William Henry Lambert (1881-1928), politician and union leader, was born in 1881 near Orange, son of an Irish-born stonemason and his native-born wife. He attended primary school and worked as a shearer. In 1909 he became an organizer for the Australian Workers Union (AWU), and in 1915 secretary of its central branch, a post he held until 1921.
Lambert became active in the anti-conscription movement. This brought him to prominence in the Labor Party and he served as State President in 1917-21; the party then was described by J.D. Lang as an ‘AWU dictatorship’ with control shared by Lambert and Jack Bailey. In December 1918 Lambert was elected to Sydney Municipal Council for Denison Ward and was Lord Mayor in 1921. Lambert ruled Council in line with Labor policy.
Lambert won a House of Representatives by-election for the safe Labor seat of West Sydney in September 1921. In parliament he had remarkably little to say. In the early 1920s he was accused of staging ‘crook ballots’ for the AWU’s central branch elections, and was allegedly involved with Bailey, in a scheme to misappropriate funds and to inflate membership of the branch to obtain extra delegates at the 1921 party conference. The AWU convention found that the charges could not be sustained; nor was Lambert implicated when Bailey was expelled from the party in 1923, but with Lang now leader of the State Labor Party his political fortunes waned.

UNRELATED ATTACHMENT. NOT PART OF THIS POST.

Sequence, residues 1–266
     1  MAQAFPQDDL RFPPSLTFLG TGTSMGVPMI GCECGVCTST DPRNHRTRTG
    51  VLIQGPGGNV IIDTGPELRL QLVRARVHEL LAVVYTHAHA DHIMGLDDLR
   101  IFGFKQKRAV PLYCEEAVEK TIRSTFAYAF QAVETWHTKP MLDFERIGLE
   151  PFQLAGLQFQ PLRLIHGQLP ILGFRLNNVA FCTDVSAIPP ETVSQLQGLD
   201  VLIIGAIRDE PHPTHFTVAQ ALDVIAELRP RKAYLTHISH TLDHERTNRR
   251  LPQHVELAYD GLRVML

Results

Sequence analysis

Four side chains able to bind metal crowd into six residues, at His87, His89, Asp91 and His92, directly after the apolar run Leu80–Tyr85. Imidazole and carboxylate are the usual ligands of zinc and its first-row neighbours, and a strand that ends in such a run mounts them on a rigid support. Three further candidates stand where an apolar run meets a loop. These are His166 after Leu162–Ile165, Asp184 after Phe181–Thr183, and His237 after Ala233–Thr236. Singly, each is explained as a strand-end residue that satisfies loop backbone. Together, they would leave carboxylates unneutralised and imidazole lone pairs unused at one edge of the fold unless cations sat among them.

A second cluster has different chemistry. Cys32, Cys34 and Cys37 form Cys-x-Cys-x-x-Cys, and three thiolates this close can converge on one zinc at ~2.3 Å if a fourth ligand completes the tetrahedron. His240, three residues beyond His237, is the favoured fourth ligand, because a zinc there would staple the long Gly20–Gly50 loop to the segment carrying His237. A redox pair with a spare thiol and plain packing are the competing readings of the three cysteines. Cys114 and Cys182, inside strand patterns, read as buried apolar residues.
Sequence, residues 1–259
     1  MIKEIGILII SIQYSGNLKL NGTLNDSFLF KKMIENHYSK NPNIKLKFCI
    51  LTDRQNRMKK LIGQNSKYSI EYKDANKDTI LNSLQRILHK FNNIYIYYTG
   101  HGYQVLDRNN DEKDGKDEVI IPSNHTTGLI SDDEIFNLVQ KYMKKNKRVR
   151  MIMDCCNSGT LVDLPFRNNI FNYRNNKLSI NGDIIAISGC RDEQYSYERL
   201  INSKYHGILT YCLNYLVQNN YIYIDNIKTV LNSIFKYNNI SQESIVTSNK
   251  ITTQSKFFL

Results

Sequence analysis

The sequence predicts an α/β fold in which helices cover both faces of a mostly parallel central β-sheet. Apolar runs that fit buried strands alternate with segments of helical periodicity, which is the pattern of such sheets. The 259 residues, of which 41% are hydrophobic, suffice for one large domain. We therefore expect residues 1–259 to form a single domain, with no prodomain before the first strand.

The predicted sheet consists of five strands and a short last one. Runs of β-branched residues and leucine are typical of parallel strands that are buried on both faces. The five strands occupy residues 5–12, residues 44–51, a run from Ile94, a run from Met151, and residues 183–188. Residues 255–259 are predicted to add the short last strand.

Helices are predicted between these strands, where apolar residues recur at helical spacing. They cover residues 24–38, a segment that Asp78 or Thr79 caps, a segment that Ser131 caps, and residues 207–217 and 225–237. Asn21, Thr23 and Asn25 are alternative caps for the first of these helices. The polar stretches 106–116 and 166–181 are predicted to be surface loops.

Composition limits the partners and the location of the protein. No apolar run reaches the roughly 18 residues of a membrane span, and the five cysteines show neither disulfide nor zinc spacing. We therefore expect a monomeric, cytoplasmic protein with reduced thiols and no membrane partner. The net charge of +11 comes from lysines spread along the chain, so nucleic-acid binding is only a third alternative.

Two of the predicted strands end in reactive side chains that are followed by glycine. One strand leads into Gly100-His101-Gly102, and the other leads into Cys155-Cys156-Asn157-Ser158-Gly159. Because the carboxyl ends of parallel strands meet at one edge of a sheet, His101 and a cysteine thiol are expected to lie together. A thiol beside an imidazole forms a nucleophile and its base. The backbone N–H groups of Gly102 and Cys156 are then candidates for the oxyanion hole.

Furious at losing pre-selection for the seat of West Sydney in 1928, Lambert told the Daily Telegraph Pictorial that in 1925 he had been offered £8000 if he would resign his seat in favour of E.G. Theodore. The same allegation had been published in the Evening News in December 1925, but Lambert had specifically denied it. His 1928 revelations led the Bruce–Page government to appoint a royal commissioner, who discounted Lambert’s accusations, because of his denial in 1925, but found that another member, W.G. Mahoney, had been compensated for resigning in Theodore’s favour.
It was a last-ditch stand by Lambert against a Labor Party in which he and the AWU now had little influence. He died in September 1928. A quiet and shy man, who had no children, he had remained a ‘sterling laborite’.